Kneale passed away the following year, so any future productions can be free of the bitter complaints (some justified, to be fair!) he made regarding just about every previous incarnation. The revived Hammer has said on more than one occasion that they plan to bring the character back; in fact, right around the time I posted my aforementioned article, Legendary and Hammer announced that writer David Farr (of The Night Manager and Hanna fame) had been tapped to write a new take on the hero. I put little stock in such announcements because nine out of every ten such articles I read end up being the last I hear of said project, but I really hope this one takes, as the time couldn't be better for his return. Not only does the horror genre need more variety to break up the endless haunting movies, but in the real world, science keeps getting shot down by the kind of idiots who look directly at the sun during an eclipse - a modern Quatermass reminding everyone that science can save the world could be refreshing, possibly even beneficial to our future.
And for once, it could be an ongoing series without the constant recasting, as there's plenty of things to draw from and keep them both relevant and busy. The effects of climate change alone could yield a couple of films (with aliens constantly trying to populate Earth in the earlier films, they can have some fun with the notion that as our planet becomes less inhabitable for us, it becomes more suitable for them), and the recent Dead Don't Die's one good idea was that so much fracking has caused the Earth to shift off its axis - maybe they could crib that concept and make a good movie out of it. Then you have small-scale but nonetheless intriguing events like mysterious purple water coming out of the sink that could be used as a launching point for whatever secret government project involving aliens Quatermass could find himself dealing with next. The great thing about these movies is that they leaned far more heavily into the science fiction part of the sci-fi/horror blend they're known for, so by design they'd have a good excuse to keep things grounded in legitimate concerns instead of having the professor battling CGI monsters, which would help set them apart from the more traditional ghosts and demons haunting our modern multiplexes.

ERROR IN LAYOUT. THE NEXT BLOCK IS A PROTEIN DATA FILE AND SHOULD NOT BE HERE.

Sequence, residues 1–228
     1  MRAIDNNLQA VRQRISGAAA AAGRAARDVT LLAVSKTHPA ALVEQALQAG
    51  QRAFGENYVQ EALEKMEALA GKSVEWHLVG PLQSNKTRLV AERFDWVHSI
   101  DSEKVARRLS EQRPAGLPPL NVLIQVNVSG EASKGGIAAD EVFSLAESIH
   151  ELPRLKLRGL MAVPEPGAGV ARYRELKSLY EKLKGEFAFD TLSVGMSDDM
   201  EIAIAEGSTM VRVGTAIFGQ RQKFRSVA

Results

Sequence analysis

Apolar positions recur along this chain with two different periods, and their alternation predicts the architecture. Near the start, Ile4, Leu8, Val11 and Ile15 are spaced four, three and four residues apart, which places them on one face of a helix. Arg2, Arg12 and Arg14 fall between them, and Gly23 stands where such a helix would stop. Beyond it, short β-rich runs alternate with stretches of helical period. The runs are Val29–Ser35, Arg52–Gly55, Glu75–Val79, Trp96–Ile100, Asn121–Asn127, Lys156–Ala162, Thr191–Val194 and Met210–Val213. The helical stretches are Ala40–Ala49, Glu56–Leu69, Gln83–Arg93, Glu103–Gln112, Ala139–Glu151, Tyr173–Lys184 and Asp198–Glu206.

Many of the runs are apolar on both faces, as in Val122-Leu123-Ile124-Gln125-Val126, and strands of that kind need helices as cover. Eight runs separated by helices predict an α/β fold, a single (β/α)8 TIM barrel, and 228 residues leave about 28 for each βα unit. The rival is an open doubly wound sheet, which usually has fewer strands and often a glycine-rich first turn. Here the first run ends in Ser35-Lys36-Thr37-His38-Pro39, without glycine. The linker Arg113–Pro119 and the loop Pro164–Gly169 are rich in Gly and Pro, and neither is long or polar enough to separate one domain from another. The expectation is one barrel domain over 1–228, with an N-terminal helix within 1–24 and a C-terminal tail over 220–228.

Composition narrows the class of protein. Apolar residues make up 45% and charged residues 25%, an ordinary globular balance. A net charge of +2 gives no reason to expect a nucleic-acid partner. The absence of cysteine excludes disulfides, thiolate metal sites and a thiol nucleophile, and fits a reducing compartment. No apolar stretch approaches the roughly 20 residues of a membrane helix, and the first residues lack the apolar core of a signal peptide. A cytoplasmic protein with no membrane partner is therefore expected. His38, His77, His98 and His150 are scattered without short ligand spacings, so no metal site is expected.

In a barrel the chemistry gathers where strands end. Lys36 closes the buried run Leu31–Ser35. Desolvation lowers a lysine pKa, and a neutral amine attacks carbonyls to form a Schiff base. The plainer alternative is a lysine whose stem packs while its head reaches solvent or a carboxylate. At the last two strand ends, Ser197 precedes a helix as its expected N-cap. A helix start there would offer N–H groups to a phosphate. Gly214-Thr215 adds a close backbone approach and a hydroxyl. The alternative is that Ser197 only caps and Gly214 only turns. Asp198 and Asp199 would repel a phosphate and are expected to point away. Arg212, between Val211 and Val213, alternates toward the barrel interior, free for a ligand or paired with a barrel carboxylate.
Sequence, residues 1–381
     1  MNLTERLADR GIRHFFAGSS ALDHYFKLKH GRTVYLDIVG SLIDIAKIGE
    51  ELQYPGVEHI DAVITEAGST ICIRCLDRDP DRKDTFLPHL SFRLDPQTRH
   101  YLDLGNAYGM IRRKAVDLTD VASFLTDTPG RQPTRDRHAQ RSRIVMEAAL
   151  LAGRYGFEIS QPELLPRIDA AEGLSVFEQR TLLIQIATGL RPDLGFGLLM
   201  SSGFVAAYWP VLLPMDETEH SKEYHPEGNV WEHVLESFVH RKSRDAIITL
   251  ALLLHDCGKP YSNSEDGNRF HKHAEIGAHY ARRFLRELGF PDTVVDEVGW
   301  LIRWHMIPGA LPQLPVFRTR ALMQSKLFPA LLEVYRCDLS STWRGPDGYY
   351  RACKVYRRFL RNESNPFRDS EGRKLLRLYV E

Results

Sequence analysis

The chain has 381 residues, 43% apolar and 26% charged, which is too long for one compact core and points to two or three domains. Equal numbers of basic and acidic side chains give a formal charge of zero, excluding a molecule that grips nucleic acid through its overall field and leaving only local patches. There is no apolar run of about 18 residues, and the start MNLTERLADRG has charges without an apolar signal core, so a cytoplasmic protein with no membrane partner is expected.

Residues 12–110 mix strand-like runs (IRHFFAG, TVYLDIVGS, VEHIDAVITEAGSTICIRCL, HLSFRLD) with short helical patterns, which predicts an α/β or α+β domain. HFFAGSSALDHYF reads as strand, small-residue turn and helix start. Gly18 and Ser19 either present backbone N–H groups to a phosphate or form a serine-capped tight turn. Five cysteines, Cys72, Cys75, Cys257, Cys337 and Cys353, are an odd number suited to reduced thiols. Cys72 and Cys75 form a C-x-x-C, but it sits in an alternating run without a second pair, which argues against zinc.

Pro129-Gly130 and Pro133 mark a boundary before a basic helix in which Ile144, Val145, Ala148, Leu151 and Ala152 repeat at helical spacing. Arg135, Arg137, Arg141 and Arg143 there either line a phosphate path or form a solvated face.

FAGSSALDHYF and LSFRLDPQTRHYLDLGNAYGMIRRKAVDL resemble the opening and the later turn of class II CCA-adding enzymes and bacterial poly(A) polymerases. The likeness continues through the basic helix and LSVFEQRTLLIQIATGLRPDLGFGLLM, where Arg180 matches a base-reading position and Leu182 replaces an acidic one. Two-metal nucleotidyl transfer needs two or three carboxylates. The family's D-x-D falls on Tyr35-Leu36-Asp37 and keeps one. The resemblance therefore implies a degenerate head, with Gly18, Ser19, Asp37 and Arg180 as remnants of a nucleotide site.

I hope I can track down the serials and miniseries someday (the first serial with Tate is lost to time, though all of the others have been preserved as far as I can tell); while I enjoy the movies their plot points do get slightly muddled at times due to being based on narratives that ran much longer. Plus it'll be fun to see the other incarnations of the character - as a fan of Morrell's and Flemyng's from their other performances I am quite curious about seeing how they interpret this unusual hero. But that constant recasting means that the folks behind any attempt at a revival have free reign when it comes to choosing a new actor for the role, as there's no "definitive" version that all future ones can be judged against the way every Bond has to live up to Connery (and again, the first guy to play him is the one whose performance has been largely lost anyway). Let's cross fingers that the revival happens and that our only disappointment will be that Kneale isn't around anymore to offer his candid take on how it turns out.
*Carpenter used "Martin Quatermass" as his writer pseudonym for Prince of Darkness, and the town name of Hobb's End in In The Mouth of Madness was taken from Quatermass and the Pit.